2020 MRS Spring Meeting

Call for Papers

In March of this year, MRS leadership made the difficult decision to cancel the 2020 MRS Spring Meeting in Phoenix for the safety and well-being our members, attendees, staff and the materials community, and to reschedule as much of the program as possible into a special 2020 Joint MRS Spring and Fall Meeting.

This one-time-only joint event will take place in Boston, from Saturday, November 28 through Friday, December 4—expanding by one day to provide programming capacity. The program flow for each symposium is under development and will be announced in early July.

Symposium S.EN09—Flow-Based Open Electrochemical Systems

An open electrochemical system involves one or more reagents circulating through cell compartments for electrochemical reactions. The flow-based systems span over a variety of systems such as flow batteries, fuel cells, electrolyzers, capacitive deionization, flow synthesis, etc. for applications in grid and transportation energy storage, water desalination, catalysis, hydrogen production, and large-scale chemical production. Although significant progress has been achieved, materials development has represented common challenges for these technical fields, which have hampered the widespread commercial update of these technologies. Especially, the fundamental understandings of electrochemical processes and mechanisms in these systems are rather limited, including experimental and computational approaches for elucidating solvation structures, electrolyte/electrode interfaces, new membranes and electrodes, failure/degradation pathways, and transport properties. The knowledge is critically important to achieve technical breakthroughs and enable ubiquitous technological implementation. Moreover, high-level developmental needs have been identified for system-level optimizations, such as stack prototype, flow field, safety diagnostics, cost analysis, and field analytics. In addition, recent hybrid flow technologies integrating two or more electrochemical systems, such as solar flow batteries, photocatalytic fuel cells, continuous-flow synthesis of battery materials, have opened a promising avenue to harvest the advantages of both technologies. This symposium will encourage discussion of new concepts and challenges at the cutting-edge through both fundamental and applied studies of materials and systems. It will bring together a diverse mix of leading researchers and emerging talents to promote further synergy across fields.

Topics will include:

  • Redox materials and solvation chemistry for flow batteries
  • Fuel cells, electrolyzers
  • Membranes, electrode, catalysts
  • Heat, mass, and electron transports
  • Capacitive deionization systems
  • Continuous-flow synthesis
  • Characterizations and diagnostics
  • Failure/degradation mechanisms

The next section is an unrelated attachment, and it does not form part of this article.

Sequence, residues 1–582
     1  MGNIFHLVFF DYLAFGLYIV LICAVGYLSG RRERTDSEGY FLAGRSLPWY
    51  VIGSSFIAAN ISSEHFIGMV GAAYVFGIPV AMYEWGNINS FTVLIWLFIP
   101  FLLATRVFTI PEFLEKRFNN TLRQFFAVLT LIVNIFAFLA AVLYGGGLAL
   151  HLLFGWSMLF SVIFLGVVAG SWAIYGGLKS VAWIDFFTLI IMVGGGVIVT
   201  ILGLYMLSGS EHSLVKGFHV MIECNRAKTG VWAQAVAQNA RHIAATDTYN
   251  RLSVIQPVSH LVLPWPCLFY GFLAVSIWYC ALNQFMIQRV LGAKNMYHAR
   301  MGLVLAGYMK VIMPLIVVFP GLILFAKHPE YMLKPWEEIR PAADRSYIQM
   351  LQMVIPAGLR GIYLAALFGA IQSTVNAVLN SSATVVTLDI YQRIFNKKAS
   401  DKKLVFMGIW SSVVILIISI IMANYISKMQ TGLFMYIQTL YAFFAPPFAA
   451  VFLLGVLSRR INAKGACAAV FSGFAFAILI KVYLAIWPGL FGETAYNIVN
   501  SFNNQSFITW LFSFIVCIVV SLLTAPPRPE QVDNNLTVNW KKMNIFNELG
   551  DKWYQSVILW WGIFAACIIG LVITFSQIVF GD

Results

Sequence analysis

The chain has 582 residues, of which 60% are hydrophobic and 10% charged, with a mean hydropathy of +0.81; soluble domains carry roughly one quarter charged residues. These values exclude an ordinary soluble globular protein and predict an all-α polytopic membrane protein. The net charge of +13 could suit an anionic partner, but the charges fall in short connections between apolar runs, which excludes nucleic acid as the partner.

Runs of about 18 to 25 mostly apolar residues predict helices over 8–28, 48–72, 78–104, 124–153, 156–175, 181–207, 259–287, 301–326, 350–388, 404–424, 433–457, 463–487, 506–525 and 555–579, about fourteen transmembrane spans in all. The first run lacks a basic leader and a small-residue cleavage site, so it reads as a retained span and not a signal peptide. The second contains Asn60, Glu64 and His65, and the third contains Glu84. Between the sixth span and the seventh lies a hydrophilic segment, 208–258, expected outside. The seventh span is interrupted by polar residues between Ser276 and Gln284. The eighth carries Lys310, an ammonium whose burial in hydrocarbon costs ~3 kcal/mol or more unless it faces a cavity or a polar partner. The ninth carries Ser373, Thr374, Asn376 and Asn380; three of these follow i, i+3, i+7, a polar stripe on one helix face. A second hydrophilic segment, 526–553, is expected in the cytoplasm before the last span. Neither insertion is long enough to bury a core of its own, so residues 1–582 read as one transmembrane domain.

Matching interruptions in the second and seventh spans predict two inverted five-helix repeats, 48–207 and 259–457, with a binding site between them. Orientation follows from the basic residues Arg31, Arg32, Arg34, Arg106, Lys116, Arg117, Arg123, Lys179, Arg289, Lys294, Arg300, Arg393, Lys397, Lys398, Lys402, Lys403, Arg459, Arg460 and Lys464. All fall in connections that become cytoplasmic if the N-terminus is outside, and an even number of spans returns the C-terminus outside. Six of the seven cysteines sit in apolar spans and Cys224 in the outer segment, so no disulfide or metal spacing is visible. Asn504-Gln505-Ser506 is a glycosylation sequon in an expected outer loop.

• Hybrid flow systems (solar-involved flow batteries and fuel cells)
  • Computational modeling, cost analysis
  • Flow field, stack prototyping, field analytics, safety

Invited Speakers:

  • Ertan Agar (University of Massachusetts Lowell, USA)
  • Travis Anderson (Sandia National Laboratories, USA)
  • Michael Aziz (Harvard University, USA)
  • Fikile Brushett (Massachusetts Institute of Technology, USA)
  • Hye Ryung Byon (Korea Advanced Institute of Science and Technology, Republic of Korea)
  • Chris Capuano (Proton OnSite, USA)
  • Huyen Dinh (National Renewable Energy Laboratory, USA)
  • Lauren Greenlee (University of Arkansas, USA)
  • Burcu Gurkan (Case Western Reserve University, USA)
  • Dirk Henkensmeier (Korea Institute of Science and Technology, Republic of Korea)
  • Song Jin (University of Wisconsin-Madison, USA)
  • Tianbiao Liu (Utah State University, USA)
  • James McKone (University of Pittsburgh, USA)
  • Shelley Minteer (University of Utah, USA)
  • Sri Narayan (University of Southern California, USA)
  • Zhenmeng Peng (The University of Akron, USA)
  • Joaquín Rodríguez-López (University of Illinois at Urbana-Champaign, USA)
  • Christo Sevov (The Ohio State University, USA)
  • Qing Wang (The Pennsylvania State University, USA)
  • Wei Wang (Pacific Northwest National Laboratory, USA)
  • Zhengjin Yang (University of Science & Technology of China, China)
  • Hui Ying Yang (Singapore University of Technology and Design, Singapore)
  • Guihua Yu (University of Texas at Austin, USA)
  • Roswitha Zeis (Karlsruhe Institute of Technology, Germany)
  • Huamin Zhang (Dalian Institute of Chemical Physics, China)
  • Lu Zhang (Argonne National Laboratory, USA)

Symposium Organizers

Xiaoliang Wei
Indiana University-Purdue University Indianapolis
Department of Mechanical and Energy Engineering
317-274-8983, xwei18@iupui.edu

Xianfeng Li
Dalian Institute of Chemical Physics
86-41184379669, lixianfeng@dicp.ac.cn

Susan Odom
University of Kentucky
859-257-3294, susan.odom@uky.edu

Thomas Zawodzinski
University of Tennessee, Knoxville and Oak Ridge National Laboratory
(865) 974-5137, tzawodzi@utk.edu